View the collection illustrations in progress, and see how the drawings transform into detailed and intricate scarf designs. Sabina creates a story for each collection, as shown below, which is then illustrated and narrated through her elaborate handiwork.
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A spectacular performance of artful mischief and theatrical trickery.

A mountainside overlooking Kyoto glistens in the early morning dew. A gentle golden light drips itself over the outcrops of rock, pooling in the flat spaces, cutting through the gentle grey haze of dawn. Beside the crooked path, a wooden Noh theatre barely stands in the amber light. Built on the stone overlooking the city below, the residents would snake their way up the path for each full moon, eager to watch their favourite plays and dances. However, since the fall of the Tokugawa Shogunate, the theatre has fallen into disrepair, the actors now forbidden to perform. To shade themselves from the mid-summer sun and to screen themselves from the cold mountain winds at night, many animals on the mountainside have been using the abandoned stage as a shelter. It has become their home and refuge; a place to raise their young and protect their nests.

One day, the villagers decide that the crumbling theatre is an eyesore and that they will demolish it. Owing to his large ears, the hare overhears their plans and hastily runs back up the mountain to relay the news to his friends. The animals are panicked and immediately begin quarrelling over the unwelcome announcement. The wily fox, as wily foxes are prone to do, slopes away unnoticed behind a bamboo screen. A few minutes later he reappears, dressed in a fine embroidered kimono, its golden threads shimmering in the morning sun; Having discovered the ancient playbook, he has used his sly wit to unlock the dusty costume chest and has dressed himself in his luxuriant findings. His cunning plan is to fool the villagers into believing that the theatre is possessed by benevolent spirits (Yōkai), and therefore convince them that it would be a bad omen to demolish it. The other animals leap with glee at this masterful ploy and jump into the chest, rummaging to find costumes for their new characters. Inros and netsukes, armour and tassels, fans and ribbons, the box is a treasure trove of spectacular adornments.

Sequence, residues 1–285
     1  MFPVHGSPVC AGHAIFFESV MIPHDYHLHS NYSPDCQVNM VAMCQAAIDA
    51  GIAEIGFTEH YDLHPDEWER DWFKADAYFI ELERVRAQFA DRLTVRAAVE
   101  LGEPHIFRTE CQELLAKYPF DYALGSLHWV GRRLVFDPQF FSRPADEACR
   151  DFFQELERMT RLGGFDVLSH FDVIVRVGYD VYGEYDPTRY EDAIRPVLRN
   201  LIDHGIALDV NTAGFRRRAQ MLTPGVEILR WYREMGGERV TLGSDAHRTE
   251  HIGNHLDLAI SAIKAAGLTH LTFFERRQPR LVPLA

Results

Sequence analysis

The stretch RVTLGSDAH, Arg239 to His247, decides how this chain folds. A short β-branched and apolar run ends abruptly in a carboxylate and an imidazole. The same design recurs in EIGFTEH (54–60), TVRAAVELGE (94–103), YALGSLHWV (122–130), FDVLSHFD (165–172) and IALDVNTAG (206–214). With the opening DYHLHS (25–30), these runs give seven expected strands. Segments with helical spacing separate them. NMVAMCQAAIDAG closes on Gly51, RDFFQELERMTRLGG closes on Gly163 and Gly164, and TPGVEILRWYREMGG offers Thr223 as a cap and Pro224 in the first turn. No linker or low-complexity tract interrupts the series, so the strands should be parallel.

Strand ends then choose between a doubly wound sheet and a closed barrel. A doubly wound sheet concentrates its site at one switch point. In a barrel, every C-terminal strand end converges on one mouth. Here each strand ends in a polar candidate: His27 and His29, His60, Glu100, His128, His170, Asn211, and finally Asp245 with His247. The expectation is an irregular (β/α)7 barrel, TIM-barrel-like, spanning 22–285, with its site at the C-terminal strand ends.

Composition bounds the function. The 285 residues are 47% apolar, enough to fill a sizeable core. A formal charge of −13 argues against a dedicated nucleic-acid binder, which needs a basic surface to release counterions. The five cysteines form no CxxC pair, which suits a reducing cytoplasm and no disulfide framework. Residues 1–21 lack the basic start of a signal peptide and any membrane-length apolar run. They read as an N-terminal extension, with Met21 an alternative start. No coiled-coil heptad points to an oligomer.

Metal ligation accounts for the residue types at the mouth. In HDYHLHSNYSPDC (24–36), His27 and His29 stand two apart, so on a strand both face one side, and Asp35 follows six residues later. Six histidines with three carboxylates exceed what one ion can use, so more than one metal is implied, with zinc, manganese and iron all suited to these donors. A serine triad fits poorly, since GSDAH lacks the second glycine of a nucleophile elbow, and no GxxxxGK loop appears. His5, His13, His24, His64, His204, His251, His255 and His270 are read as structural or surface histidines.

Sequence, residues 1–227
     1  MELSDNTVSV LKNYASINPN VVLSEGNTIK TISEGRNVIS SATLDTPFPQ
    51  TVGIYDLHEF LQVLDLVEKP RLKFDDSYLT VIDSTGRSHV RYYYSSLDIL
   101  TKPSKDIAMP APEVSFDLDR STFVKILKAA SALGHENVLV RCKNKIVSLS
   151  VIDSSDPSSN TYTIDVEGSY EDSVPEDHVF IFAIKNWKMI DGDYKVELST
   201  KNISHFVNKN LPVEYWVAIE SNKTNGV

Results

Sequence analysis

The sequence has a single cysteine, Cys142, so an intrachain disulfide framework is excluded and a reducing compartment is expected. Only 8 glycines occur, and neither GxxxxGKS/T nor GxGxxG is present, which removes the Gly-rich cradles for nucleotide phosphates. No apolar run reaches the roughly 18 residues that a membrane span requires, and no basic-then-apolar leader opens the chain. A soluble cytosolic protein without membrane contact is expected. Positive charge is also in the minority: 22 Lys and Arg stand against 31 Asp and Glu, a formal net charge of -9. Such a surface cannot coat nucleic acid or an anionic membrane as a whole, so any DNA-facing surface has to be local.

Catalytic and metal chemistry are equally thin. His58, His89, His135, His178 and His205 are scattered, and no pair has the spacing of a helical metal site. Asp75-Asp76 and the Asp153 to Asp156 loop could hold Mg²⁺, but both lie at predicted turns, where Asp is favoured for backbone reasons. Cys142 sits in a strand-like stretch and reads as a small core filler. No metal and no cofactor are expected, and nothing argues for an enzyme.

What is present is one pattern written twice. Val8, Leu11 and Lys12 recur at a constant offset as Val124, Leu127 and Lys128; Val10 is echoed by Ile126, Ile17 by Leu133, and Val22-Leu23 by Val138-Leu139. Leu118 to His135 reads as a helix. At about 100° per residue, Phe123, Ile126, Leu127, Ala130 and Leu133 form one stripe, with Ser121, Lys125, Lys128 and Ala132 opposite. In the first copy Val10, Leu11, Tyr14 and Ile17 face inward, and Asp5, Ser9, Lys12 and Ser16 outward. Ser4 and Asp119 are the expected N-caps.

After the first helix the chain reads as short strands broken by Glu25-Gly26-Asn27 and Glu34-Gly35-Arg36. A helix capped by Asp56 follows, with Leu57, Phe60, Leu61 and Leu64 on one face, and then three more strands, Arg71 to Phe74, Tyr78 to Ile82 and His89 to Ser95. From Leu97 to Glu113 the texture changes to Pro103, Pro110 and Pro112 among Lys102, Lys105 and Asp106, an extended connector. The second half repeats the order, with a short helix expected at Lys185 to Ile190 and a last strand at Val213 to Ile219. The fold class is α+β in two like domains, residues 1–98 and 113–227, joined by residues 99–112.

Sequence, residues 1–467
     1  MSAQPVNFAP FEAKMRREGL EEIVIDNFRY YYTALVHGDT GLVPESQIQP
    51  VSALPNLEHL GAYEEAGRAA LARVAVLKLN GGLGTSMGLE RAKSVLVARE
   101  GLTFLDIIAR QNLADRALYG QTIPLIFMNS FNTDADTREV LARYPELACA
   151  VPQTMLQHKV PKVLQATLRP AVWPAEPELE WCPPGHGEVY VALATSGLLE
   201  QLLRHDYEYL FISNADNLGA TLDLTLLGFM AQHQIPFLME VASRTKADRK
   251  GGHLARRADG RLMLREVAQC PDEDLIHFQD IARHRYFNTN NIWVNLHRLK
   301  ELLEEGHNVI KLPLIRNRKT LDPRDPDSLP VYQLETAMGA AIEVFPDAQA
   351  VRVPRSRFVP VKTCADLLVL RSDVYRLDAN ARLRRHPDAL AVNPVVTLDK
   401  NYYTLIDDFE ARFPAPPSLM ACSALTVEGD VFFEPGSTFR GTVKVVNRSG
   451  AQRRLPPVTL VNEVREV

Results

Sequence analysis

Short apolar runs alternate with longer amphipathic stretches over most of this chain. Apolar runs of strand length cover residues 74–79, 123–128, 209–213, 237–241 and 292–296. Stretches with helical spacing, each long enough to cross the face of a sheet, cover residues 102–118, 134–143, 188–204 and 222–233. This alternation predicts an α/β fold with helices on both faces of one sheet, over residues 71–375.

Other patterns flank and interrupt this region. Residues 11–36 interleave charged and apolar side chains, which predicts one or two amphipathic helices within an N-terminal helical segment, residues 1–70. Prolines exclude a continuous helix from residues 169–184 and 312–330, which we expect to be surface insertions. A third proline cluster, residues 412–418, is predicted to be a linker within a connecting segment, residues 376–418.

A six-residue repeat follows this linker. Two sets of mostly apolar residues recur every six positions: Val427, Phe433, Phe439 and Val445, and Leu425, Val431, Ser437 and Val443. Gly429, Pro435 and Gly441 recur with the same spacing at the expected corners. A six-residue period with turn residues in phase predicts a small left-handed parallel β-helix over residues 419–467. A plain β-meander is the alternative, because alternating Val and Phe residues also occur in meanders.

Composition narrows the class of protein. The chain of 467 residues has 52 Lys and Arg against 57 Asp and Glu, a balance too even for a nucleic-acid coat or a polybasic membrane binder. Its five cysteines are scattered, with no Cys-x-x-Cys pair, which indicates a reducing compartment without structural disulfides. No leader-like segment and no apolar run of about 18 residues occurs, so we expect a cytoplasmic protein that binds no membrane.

As the villagers’ footsteps crunch towards the theatre, the animals are prepared for and awaiting their arrival. With the hollow rhythm of the Tsuzumi drum beaten by the spoonbill, the grand performance begins.
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This collection references the costumes, masks and plays of ancient Japanese Noh theatre, alongside antique woodblock prints, kimono patterns and tales from folklore. The beautifully intricate hand-carved animal artwork found on inros (small wooden or ivory boxes used as an external ‘pocket’ tucked under an obi) and netsukes (the tiny wooden or ivory bead to stop the inro slipping through) also played a large part.

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Below you can find images of the illustrations in progress.

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